While other kids were captivated by iPad apps and TV, Ayan installed and configured operating systems, tinkered with routers and switches, and read Microsoft books. “I knew that if I introduced him to the games, he would not go for this,” his dad astutely observed. Today, Ayan spends two hours a day in his homemade computer lab. He appears to have retained his childlike wonder. He likes compasses, telescopes, and told a reporter, “The rainbow colored light reflected through a prism is amazing.”


Ayan is exceptional. But here’s what I especially like about his story.

1.     Ayan’s dad welcomed his son’s presence by his side. No doubt he had deadlines to meet, demands from clients, and a heavy workload like everyone else. Yet he made time and sent his son an inviting happy-you’re-here-with-me vibe.

2.     Ayan’s dad paid attention to his son. He recognized Ayan’s knack for computers, patiently instructed him, and chose hands-on learning materials.

3.     Ayan was encouraged, not pushed, with a spirit of exploration and discovery, not stress and competition.

4.     Ayan was an active learner. It takes greater effort to figure out computer parts and sustain focus on a Microsoft book than it does to learn from videos and games. Ayan practiced and strengthened his voluntary attention.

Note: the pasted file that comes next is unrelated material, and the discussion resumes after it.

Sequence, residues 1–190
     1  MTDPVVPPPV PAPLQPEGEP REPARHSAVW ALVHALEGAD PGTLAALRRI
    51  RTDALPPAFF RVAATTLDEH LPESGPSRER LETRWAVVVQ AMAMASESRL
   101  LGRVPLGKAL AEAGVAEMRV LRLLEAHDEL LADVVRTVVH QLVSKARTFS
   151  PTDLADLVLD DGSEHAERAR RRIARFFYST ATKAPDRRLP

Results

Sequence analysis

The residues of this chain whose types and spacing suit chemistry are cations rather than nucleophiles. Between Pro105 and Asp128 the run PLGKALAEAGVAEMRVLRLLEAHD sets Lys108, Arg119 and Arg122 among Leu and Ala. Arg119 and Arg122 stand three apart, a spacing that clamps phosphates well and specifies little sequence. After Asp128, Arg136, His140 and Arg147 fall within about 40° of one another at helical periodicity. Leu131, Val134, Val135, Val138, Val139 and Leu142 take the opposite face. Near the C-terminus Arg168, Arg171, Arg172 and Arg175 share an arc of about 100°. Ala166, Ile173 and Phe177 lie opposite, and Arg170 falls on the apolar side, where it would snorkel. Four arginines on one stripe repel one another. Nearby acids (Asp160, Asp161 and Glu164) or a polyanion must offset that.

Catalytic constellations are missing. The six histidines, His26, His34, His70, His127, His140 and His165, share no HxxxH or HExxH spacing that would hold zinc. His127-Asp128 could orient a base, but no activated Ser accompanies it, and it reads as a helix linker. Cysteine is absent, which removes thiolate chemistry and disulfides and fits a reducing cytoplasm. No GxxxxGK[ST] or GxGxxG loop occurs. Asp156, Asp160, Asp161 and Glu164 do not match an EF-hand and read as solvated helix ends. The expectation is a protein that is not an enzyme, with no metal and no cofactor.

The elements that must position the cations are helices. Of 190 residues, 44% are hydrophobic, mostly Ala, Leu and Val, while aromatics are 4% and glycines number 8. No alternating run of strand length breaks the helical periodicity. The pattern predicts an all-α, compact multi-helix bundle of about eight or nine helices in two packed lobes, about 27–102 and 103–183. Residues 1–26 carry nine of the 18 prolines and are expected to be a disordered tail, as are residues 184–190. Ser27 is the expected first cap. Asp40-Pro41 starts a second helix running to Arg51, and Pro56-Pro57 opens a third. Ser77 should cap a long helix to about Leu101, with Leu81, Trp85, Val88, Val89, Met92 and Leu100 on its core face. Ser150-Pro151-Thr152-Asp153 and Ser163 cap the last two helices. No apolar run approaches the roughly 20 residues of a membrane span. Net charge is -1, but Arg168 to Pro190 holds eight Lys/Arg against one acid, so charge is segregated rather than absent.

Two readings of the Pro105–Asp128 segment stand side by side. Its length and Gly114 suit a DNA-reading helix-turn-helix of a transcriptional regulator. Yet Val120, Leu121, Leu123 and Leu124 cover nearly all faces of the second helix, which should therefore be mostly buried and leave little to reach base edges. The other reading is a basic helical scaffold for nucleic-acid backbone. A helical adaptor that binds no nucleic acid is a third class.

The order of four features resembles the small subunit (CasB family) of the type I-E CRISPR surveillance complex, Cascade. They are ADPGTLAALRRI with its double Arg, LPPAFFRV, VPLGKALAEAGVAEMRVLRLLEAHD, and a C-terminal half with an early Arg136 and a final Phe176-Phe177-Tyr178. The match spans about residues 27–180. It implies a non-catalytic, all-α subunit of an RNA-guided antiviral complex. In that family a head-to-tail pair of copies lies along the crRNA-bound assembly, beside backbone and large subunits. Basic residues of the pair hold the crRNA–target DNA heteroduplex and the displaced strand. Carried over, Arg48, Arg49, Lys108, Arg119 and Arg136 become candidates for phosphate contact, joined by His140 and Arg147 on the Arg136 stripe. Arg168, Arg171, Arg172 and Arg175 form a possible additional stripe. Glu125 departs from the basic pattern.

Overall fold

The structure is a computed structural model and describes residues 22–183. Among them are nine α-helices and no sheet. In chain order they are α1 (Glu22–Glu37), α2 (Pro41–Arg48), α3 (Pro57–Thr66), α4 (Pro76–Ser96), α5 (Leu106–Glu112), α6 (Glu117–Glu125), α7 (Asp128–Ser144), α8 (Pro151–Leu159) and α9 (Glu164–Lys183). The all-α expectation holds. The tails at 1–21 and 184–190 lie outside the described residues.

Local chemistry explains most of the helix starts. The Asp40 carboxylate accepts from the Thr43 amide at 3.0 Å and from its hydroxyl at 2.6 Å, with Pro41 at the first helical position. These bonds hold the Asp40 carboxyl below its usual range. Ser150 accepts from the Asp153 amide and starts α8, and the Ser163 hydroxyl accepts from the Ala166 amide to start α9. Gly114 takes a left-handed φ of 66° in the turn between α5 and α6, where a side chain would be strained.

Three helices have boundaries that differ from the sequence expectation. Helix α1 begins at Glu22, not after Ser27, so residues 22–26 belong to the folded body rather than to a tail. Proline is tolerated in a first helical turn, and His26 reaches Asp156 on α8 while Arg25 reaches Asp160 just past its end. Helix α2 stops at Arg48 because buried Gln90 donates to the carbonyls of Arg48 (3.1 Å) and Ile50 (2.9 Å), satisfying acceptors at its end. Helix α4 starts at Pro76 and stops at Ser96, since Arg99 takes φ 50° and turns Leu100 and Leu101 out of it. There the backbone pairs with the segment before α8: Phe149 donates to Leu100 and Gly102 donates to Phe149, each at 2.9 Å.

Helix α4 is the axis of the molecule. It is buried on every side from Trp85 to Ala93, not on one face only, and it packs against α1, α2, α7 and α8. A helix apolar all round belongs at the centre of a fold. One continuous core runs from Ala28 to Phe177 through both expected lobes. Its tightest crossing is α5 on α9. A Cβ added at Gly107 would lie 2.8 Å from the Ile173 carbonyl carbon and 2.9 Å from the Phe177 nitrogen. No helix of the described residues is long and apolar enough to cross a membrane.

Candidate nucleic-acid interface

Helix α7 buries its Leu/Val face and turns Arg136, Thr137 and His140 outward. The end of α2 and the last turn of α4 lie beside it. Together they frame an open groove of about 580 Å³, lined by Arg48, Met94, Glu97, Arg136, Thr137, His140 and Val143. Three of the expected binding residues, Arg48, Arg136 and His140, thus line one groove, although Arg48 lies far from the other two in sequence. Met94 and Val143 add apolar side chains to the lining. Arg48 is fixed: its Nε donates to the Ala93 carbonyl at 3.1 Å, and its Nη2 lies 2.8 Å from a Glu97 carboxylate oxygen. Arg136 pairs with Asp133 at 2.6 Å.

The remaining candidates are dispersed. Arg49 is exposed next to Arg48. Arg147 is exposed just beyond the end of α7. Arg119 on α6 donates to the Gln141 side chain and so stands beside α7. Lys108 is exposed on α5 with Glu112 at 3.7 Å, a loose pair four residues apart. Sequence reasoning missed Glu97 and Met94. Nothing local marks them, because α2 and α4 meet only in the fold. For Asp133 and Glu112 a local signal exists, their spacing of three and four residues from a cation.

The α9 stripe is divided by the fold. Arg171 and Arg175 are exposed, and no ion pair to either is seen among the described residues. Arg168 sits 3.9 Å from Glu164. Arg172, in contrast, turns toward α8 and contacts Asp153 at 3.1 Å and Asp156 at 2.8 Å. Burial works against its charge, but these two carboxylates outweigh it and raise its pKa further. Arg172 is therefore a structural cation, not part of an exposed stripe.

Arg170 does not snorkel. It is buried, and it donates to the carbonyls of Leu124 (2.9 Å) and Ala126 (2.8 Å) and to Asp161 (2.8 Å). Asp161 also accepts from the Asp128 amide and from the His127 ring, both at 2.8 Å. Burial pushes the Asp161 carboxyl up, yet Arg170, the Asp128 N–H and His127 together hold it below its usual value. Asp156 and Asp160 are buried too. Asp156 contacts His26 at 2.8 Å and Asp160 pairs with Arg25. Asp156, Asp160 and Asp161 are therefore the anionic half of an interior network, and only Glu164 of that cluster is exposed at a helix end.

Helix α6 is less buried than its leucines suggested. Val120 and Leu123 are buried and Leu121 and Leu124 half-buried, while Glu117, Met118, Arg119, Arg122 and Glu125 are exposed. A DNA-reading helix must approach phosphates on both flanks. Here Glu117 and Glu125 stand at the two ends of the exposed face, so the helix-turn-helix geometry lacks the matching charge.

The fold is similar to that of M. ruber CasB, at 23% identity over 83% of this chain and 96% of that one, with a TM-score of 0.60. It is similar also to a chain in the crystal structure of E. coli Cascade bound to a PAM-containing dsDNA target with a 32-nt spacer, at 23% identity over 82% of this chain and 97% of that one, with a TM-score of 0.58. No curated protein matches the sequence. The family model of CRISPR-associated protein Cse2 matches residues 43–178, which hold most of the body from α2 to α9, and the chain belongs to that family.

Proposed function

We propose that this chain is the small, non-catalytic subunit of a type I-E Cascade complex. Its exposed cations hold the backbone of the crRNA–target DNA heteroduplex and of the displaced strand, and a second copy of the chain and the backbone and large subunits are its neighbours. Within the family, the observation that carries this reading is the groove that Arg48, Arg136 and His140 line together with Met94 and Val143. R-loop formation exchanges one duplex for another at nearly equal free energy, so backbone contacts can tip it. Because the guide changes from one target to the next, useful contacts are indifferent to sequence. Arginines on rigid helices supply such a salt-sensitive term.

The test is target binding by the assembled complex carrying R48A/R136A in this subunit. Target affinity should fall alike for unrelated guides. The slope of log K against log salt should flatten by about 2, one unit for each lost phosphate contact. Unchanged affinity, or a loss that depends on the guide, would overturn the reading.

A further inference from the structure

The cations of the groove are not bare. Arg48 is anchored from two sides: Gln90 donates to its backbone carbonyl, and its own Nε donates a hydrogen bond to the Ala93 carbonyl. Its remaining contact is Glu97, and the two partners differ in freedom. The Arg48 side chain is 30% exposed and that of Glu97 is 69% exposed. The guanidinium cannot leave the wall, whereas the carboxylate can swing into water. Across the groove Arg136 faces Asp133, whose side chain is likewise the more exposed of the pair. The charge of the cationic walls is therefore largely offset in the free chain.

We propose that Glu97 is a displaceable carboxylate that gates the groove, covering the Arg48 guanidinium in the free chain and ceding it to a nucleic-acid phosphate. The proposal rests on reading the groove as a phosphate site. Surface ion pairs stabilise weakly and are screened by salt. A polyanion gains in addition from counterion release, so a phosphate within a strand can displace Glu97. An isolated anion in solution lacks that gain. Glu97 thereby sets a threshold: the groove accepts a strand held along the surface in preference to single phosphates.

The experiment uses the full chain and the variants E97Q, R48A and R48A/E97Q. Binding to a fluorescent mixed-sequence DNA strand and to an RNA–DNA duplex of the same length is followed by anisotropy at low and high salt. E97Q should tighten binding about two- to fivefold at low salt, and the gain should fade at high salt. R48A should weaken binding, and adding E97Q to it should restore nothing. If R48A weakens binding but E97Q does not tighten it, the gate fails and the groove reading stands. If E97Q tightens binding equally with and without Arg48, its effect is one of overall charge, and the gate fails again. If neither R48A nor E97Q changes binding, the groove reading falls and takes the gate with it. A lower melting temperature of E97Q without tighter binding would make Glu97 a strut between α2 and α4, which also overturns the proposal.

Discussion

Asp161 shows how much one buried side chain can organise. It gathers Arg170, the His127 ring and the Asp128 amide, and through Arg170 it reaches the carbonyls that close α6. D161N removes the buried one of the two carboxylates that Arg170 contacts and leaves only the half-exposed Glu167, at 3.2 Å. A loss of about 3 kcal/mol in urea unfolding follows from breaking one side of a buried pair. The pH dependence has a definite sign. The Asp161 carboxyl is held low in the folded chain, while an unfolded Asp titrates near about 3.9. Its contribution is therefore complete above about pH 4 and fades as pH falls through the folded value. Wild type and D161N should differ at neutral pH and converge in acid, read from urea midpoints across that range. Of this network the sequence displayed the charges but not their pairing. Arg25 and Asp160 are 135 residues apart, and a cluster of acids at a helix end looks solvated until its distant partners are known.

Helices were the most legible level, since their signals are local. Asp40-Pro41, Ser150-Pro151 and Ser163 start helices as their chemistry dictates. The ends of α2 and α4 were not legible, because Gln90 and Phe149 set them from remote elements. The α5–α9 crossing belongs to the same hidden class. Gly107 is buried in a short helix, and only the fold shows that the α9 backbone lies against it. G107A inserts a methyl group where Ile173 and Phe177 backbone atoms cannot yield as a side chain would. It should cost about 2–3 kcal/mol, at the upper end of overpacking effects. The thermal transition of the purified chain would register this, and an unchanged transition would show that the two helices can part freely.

5.     Ayan’s parents had the courage of their convictions. They acted on their knowledge that Ayan was too young to choose voluntary over involuntary attention. It's tough enough for an adult to reach for a Microsoft text instead of a video game.


To guide your child’s development of technological competence, be mindful of the difference between attention that’s captured by a screen (involuntary) and more effortful, self-directed attention (voluntary), like Ayan’s. As your children mature, help them grasp this important difference for themselves. Protect young children by encouraging voluntary attention, as Ayan’s parents did.

You don't need to be an IT specialist like Ayan's dad to guide your child. The two of you can go online and learn together. Ask your child to teach you his favorite games. Play them together, so you have common ground for an ongoing conversation about their effects, both good and bad.  From time to time, deconstruct digital media together. Look at posts, ads, and what makes a game addictive. Take apart a TV show the way Ayan disassembled an old computer.

will your child be technologically competent?

Limit your child’s screentime, with the goal of teaching your child the value of limiting screentime on his own. Keep in mind: Quite possibly, the most important technological competency your child can learn is to use the off button.


BBC on Ayan Qureshi
Wired on Ayan Qureshi
Raising children to have technological competence